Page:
Solar panel installation

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After yesterdays Super Bowl food overdose, we were ready to work hard today on installing our new flexible walk on solar panels. We have been working toward getting these for 10 months now and are so excited to finally be installing them.


The installer, Dave, came over this morning and he and Danny tore the boat apart, removing panels and cushions to map out where all the wiring had to be run.


Danny measured with great care where the solar panels would lie and where screws needed to be placed.

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We decided to place three of the panels on the hard top over the stern salon, and one of them on the hard top over the helm station. Having all the panels in one general area allows us to wire each pair in series and then both pairs in parallel. I placed a piece of scrap wood under the panel and drilled holes through the panels in each spot where a screw would be placed, and taped the panels down where we wanted them.

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We then drilled holes in the bimini where the panels were to be placed, and used marine grade clear silicone in each hole we’d screwed as well as in a line joining each screw hole and some extra lines over the area where the panel would lie.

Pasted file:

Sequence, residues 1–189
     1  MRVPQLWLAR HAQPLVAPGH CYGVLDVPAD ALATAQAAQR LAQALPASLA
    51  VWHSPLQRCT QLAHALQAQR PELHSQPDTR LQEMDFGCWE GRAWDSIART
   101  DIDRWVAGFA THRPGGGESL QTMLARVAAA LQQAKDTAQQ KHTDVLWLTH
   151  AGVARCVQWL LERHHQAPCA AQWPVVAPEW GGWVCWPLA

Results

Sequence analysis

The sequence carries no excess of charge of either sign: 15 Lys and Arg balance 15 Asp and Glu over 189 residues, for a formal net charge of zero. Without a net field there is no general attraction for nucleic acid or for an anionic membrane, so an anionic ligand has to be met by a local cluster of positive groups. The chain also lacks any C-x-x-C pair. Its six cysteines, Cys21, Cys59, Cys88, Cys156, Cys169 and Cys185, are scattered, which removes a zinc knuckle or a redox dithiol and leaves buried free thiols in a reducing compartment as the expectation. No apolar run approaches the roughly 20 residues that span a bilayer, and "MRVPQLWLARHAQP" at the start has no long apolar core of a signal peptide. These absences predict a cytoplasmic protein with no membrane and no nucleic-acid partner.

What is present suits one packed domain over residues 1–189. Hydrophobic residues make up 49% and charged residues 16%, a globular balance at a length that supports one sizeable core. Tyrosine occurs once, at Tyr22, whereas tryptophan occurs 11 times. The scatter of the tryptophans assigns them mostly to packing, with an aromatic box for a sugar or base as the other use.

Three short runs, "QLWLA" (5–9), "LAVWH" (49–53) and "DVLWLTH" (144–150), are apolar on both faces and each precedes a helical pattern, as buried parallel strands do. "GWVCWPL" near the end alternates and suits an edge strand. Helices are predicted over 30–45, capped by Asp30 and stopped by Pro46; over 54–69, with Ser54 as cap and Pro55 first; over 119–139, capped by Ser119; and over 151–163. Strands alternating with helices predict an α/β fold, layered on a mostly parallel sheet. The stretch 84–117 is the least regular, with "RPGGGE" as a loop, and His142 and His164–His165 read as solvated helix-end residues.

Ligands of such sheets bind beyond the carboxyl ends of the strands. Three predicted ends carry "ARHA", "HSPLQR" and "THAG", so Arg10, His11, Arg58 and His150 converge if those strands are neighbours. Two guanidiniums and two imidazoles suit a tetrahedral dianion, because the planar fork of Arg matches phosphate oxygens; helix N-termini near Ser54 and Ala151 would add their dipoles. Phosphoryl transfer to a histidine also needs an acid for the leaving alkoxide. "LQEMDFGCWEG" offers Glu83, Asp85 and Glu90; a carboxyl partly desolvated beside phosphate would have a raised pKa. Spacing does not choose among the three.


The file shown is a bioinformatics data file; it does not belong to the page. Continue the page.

After we had carefully placed the panels over the silicone, we used (#8) 1″ screws and finishing grommets and screwed the panels down.

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Meanwhile, down in the main salon, Danny was using his ninja skills and cut out the perfect spaces needed for the battery state-of-charge meter and the Outback Mate2 controller. We placed these right above the main control panel so that everything is in one place.


Danny and I ran the Cat5 cables for the meters through the ceiling panels to the Flexmate 80 solar charge controller, which is now mounted under the salon seats.

Tomorrow we will tie all solar panel wiring and fire up the system. We are really excited to not have to run our generator every day. The solar panels equal 1000 watts (4x 250 watt panels) and our lithium ion batteries hold 1200ah of energy.

It is so rewarding to save up and make good purchases, work hard and install things ourselves, and look back and see the progress we are making in our home on the water.

Emma and I took the dinghy in to the marina office to grab our mail at one point during the day, and on our way home helped an older gentleman and his daughter who’s dinghy motor had given up the ghost. Emma is such a great dinghy driver, and our new friends in distress were very grateful.

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It was such a beautiful day here in Marathon Key. We passed a catamaran with lots and lots of plants all over the place. They are obviously here in the marina to stay!

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Tanda Malaika looked so pretty sitting on her mooring ball.





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